User login

The Marshall Plan: Sustainability Starts with Action

(April/May 2018) posted on Thu May 03, 2018

Is 2018 the year your shop finally goes green?

click an image below to view slideshow

By Marshall Atkinson

Why should sustainability matter to your company? Is it because your customers are demanding it? I’m sure you want to decorate on those awesome new eco-apparel blanks and your customers are probably asking for them more frequently. But is a bigger trend taking place?

More of corporate America is interested in the triple bottom line than ever before. If you don’t think so, go to any major corporation’s website and read their policy online. If you aren’t getting business from those big brands, it may be because you are not aligned with their ideals.

Maybe you’re thinking about sustainability because you believe it can push more cash to your bottom line – always a good thing. Sustainable manufacturing can be a cost-saver.

Or maybe it’s a personal issue for you. The planet needs help. We can do more than clean up the side of the road on Earth Day.

If you start with your why, it will be easier to work on your plan and the justifications for beginning. The what and how will become more apparent to you. This framework will also help you make some crucial decisions later.

Action Step One: Energy
So, let’s say you’ve decided to get started. Where to begin? Easy: Take a look at your energy consumption. Whether you rent or own your building, you are forking out a lot of money for utilities. It’s one of the biggest expenses in your company, and also one of the easiest places to make some big improvements that matter.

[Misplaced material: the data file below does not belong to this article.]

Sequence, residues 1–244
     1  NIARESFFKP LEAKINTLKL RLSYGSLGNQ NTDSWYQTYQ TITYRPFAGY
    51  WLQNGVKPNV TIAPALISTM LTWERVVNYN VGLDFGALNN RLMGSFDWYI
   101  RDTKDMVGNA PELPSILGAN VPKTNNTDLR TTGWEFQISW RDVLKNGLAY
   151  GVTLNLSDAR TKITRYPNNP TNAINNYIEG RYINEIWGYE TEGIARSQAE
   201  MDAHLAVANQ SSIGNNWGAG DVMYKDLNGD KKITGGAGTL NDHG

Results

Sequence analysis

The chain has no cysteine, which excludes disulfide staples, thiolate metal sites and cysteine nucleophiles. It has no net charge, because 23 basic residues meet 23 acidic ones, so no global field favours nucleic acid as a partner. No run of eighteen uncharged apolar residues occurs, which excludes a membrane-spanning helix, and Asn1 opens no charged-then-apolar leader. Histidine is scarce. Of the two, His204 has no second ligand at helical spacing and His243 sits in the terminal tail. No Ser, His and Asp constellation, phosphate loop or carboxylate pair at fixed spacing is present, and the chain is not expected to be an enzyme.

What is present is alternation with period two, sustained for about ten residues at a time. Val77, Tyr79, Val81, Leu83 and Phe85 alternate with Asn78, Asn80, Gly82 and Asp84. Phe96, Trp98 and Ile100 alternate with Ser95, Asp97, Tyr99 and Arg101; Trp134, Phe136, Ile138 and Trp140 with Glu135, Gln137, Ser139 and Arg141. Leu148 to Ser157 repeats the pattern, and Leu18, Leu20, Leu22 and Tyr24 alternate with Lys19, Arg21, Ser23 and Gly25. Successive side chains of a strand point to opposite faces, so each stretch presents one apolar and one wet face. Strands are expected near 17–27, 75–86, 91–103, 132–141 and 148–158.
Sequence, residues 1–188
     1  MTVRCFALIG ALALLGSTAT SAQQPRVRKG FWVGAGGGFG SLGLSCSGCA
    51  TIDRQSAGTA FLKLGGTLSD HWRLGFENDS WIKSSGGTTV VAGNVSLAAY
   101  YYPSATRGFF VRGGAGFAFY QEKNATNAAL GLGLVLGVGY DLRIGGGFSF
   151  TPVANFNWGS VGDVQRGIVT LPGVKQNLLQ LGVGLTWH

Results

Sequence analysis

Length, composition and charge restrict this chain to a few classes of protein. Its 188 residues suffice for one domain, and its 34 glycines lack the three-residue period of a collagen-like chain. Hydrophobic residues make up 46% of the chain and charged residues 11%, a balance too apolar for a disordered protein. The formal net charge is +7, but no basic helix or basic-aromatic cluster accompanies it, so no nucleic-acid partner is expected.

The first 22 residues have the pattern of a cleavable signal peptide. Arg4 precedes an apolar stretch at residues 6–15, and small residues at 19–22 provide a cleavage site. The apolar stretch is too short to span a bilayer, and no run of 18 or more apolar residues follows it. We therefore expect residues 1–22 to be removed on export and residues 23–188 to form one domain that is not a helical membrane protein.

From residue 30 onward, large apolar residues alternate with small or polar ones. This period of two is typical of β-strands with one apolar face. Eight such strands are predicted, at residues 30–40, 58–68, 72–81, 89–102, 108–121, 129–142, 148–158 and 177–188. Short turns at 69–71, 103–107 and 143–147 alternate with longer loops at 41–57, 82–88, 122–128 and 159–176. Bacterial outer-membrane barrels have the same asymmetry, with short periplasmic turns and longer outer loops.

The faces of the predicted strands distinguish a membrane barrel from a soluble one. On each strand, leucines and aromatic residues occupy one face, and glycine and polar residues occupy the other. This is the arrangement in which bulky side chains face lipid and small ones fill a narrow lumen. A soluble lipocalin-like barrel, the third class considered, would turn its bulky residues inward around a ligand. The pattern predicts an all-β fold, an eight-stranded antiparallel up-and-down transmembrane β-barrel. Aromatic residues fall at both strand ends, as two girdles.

First, contact your local utility company and schedule a commercial energy audit. This should be a service provided free or at a nominal charge by your utility company. They will schedule an auditor to come to your facility and nose around. The auditor will look at your HVAC, equipment, windows and doors, and other areas of concern. They may also ask you questions such as where you lose heating and cooling, how old your lighting fixtures are, and so on.

After the auditor is finished, he or she will write up a report on your energy consumption with a laundry list of all the things you can do to improve. That’s the best part: They do the thinking for you. Better, they will often recommend sources of grant money or low-interest loans that you may be eligible for to make the improvements.


Did you enjoy this article? Click here to subscribe to the magazine.